I’m confident after reading these excerpts you will have no problem doing that. Enjoy the experience. Take some time after you’ve completed this section to marvel at what you have done—and equally as important what you will inevitably contribute on a college campus.

Bonus Listen: Want more on this topic? Here’s an excellent conversation from CollegeWise to check out.

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Hang Your Picture

Listen to “Episode 13: Hang Your Picture – Ashley Brookshire” on Spreaker.

This week we welcome Regional Director of Admission (West Coast) Ashley Brookshire to the blog. Welcome, Ashley!

At the risk of making myself vulnerable in front of our applicant pool (which, in my experience, is filled with ambitious, intrinsically motivated, mindful, and steadfast students), I want to confess something: I continuously put off doing the things I want to do. The things I should do. The things that are in my best interest to do.

I’m reminded of it every time I walk through my office and stare at the six panels of wall organizers propped up against the wall. They’ve been there for weeks. Every time I walk past them, I’m reminded that I haven’t taken the time to cross this “to-do” off my list. It also reminds me of other “unhung” pictures in my world right now. The habits I’ve wanted to form, but haven’t. The things I’ve wanted to learn, but put off.

At some point, I have to stop telling myself I’d do these things if only “I had more time.” Since my state’s stay-at-home order was issued in mid-March, I’ve been gifted more spare time than I ever wanted.

Don’t get me wrong, the whirlwind of my day is just as busy as ever. Juggling my roles as a spouse, mother, and employee, while managing a house that’s more lived-in than ever, occupies my day exceptionally well. But in the evening hours when I stop trying to spin plates, I have more time than I’ve had in a while. There are no dinners with friends to attend, trips to prepare for, or date nights to go on.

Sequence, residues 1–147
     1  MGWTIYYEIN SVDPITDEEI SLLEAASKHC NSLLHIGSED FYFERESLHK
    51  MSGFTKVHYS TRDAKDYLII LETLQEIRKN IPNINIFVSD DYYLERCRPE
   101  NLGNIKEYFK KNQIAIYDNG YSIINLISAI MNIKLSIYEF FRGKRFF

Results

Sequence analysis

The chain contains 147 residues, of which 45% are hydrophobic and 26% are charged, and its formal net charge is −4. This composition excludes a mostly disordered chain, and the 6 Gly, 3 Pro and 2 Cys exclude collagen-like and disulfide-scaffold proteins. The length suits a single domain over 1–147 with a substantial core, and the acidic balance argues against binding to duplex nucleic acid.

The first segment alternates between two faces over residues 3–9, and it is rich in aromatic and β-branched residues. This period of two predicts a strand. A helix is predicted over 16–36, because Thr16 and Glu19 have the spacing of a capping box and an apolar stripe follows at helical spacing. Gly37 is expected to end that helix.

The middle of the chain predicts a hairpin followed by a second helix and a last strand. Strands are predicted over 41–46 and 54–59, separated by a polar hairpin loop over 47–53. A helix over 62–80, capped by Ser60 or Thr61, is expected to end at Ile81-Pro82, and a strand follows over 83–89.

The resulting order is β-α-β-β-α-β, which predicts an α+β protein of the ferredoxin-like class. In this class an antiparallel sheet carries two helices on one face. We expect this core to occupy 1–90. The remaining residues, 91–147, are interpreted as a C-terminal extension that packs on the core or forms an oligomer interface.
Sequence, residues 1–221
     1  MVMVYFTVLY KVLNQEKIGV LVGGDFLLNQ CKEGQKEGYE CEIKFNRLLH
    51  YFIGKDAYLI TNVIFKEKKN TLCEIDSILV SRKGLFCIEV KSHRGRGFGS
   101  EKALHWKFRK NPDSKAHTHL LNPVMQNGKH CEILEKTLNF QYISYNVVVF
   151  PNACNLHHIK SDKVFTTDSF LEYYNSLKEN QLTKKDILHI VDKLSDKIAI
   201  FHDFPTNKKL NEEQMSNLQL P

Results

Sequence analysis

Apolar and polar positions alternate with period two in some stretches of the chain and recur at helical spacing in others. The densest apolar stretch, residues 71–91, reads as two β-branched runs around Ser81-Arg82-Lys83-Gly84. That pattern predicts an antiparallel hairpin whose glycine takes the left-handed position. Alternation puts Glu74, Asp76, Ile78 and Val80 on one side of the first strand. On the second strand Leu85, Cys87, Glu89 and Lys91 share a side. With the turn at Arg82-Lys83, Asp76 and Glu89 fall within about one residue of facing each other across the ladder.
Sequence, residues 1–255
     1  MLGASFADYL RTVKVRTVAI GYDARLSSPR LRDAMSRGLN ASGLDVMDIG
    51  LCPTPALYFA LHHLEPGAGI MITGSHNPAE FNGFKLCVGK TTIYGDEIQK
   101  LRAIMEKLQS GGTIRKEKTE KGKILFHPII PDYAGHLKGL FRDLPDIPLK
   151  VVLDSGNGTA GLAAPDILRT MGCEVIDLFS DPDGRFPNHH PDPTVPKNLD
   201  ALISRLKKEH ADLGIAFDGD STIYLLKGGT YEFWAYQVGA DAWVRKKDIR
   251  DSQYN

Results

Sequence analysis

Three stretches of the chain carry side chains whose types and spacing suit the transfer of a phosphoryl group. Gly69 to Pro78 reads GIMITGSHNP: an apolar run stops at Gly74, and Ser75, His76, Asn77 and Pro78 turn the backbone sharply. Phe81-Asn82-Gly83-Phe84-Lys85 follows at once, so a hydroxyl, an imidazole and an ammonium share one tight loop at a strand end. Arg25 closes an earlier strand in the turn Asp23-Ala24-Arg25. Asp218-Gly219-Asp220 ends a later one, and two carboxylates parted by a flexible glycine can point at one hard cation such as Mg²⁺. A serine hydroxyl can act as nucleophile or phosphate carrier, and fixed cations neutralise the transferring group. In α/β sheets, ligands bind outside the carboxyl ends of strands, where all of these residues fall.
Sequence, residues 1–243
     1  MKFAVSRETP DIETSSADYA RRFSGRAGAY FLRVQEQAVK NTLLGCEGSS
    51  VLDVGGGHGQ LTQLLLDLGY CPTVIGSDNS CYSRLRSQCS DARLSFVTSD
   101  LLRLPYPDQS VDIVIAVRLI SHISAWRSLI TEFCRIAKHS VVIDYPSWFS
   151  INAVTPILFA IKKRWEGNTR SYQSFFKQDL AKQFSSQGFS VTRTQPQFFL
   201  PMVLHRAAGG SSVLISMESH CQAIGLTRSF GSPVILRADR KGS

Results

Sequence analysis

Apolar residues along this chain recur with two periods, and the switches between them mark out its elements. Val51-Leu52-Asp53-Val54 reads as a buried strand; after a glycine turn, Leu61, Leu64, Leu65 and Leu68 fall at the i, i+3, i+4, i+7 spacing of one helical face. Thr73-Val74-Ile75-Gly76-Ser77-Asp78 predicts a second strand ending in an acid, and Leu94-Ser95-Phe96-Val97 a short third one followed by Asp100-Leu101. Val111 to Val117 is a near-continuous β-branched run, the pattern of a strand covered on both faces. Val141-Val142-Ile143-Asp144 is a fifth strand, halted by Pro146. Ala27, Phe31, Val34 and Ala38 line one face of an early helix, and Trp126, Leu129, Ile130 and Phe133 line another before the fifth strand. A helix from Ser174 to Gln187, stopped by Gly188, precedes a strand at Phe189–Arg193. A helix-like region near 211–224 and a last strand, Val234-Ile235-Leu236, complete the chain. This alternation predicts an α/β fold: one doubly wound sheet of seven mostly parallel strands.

I don’t want to confuse busyness for progress. And as I look at spending my time more intentionally in the upcoming weeks, I first have to stop and assess the hurdles that have kept me stuck-in-place. Hopefully these will give you some questions to ask yourself as you look for ways to hang your own pictures.

Why wait?

There always seemed to be a good (or at least, not bad) excuse for pushing the task to another day. I’d have to find all of the tools that I need. Do I really want to commit to this space? There’s no harm in waiting another day…

For me, the hardest step has always been the first. I’ve found myself asking, “if not now, then when?” In the absence of a valid argument for “not now,” it’s time to get started.

Time to find a friend?

Hanging a group of pictures correctly can be a feat. You have to hold against them against the wall AND step back to gauge spacing. You’ll need to move pieces around WHILE keep everything level. You can’t do this by yourself unless you have an incredible wingspan. You need help. Not to get started, but to do it well and do it right. So why not bring someone along?